Six Flying Dragon Episode 37

Korean Drama Reactions & Reviews | February 8, 2016 | 236 viewed

Director: Shin Kyung Soo
Genre: Historical, politics
Release Date: 08th February, 2016
Six Flying Dragons episode 37 [Review]
 Six Flying Dragons Episode 37

It is an fuitile effort of Bang Won when he tries to murder Mong Ju. In other word, this term of decision is fragile fall into wrong reason. Do-jeon's statement about how Bang-won has made his own unsavory place in the New Joseon plan was not intended as a compliment. Yet the farther away Bang-won gets from the original context, the easier it is for him to convince himself that he's just a guy making touch decisions.
This quite predictably spirals. A lot of it is the fault of Do-jeon and Seong-gye for failing to appreciate the reality of the power structure. Do-jeon's big worry this entire time has been that a Joseon founded on a throne of blood will lack legitimacy. Seong-gye hasn't wanted to become King because he does not see how his status as a general could possibly be reconciled with any moral precepts save for the idea that might makes right. Yet time and again might has been the most necessary quality keeping the dream of Joseon alive.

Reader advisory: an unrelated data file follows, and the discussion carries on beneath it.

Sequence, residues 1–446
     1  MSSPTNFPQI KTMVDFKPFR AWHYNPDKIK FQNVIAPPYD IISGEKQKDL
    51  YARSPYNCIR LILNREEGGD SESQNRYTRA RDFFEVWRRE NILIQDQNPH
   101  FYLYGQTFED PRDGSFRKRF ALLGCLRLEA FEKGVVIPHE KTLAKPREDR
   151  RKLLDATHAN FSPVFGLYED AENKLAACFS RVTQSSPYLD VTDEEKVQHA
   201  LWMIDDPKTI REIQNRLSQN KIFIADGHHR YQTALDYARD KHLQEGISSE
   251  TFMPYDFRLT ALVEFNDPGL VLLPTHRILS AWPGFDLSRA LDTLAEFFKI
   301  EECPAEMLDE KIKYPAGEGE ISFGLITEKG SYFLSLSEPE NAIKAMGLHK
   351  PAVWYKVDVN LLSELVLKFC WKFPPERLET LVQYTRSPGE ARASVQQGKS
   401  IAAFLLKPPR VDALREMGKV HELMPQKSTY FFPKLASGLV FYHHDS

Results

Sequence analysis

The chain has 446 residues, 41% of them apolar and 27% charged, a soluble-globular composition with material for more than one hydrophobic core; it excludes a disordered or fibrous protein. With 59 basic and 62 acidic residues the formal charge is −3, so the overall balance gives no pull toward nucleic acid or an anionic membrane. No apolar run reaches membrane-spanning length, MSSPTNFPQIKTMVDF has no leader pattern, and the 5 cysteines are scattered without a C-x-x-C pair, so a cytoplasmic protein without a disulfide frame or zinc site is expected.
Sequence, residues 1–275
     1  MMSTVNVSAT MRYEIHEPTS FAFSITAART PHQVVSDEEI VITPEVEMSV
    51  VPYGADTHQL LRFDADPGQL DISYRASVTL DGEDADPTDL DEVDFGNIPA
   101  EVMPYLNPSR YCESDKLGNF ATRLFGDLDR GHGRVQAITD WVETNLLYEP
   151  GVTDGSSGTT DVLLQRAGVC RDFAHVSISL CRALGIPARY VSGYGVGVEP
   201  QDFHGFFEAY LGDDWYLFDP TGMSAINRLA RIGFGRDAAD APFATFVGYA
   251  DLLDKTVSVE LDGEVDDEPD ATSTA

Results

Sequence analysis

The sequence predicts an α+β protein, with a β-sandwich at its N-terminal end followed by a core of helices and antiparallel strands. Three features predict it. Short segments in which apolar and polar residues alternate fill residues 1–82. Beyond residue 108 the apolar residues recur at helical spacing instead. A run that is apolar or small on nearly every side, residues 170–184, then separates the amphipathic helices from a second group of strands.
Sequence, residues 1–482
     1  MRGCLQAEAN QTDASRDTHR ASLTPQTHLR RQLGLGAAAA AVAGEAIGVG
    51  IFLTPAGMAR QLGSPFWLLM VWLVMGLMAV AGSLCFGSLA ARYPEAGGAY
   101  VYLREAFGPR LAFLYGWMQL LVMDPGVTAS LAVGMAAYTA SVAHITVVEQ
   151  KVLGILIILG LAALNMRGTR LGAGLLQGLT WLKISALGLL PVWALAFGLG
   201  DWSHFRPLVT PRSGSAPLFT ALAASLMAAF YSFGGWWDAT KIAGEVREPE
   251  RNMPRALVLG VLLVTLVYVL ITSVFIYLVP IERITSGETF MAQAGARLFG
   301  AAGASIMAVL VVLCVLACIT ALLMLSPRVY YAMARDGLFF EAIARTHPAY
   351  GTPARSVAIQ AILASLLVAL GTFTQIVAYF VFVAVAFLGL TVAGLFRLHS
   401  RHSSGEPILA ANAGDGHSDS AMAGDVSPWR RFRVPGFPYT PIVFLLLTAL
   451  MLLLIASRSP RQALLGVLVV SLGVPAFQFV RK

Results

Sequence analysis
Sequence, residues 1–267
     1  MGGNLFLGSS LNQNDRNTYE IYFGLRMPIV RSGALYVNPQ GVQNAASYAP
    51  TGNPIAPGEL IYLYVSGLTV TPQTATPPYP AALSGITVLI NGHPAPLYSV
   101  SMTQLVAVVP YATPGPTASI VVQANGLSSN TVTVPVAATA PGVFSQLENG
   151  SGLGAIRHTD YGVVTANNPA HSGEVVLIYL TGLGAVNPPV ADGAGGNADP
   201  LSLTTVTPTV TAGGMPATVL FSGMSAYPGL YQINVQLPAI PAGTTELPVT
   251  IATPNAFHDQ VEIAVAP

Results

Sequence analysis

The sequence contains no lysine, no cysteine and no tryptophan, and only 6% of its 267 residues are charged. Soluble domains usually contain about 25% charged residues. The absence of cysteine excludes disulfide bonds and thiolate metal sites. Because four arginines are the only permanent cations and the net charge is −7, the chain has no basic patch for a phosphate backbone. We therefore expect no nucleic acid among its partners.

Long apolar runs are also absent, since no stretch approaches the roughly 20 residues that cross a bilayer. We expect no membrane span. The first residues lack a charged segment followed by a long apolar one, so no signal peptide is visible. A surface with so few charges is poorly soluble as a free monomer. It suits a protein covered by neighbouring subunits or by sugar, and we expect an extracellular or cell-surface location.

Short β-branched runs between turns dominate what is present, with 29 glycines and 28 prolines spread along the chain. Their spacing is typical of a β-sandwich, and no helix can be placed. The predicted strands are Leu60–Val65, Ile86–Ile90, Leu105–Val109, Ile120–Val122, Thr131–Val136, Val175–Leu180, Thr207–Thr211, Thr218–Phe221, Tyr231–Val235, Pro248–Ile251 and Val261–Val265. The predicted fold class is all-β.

Mercy is a virtue, but it's not one that's ever rewarded. Take the conclusion of Sa-gwang's character arc. She always made a point of not killing people unless absolutely necessary. That sentimental bit of hesitation robbed Sa-gwang of a possible deathblow against Bang-ji, and it's only through dumb luck that Sa-gwang was able to achieve a somewhat happy ending. It's a relief that, for however brief a moment, some of the dragons were able to let some of their enemies surrender and leave.
But Bang-won is no such dragon. And for all the dragons, there's also the very real problem that scholars have simply been too disgusted by the overall bloodshed to want anything to do with the government at all any more. It's not even a matter of their preferring Do-jeon or Mong-ju. Both of them have been willing to condone violence for the sake of the greater good. That's antithetical to any notion of a nation ruled by men of moral character and higher intelligence.
Seong-gye's plan to just sit back and hope his sons listen to his requests that they be good princes who are seen and not heard comes off as naive at best in the light of everything that's happened. Do-jeon's willingness to trust important tasks to Bang-won even as Bang-won's independent actions have become increasingly unhinged hints at a similar problem. The dark side isn't a tool that can be brought out only when necessary. It's a practiced skill at which Bang-won is quickly becoming an expert.

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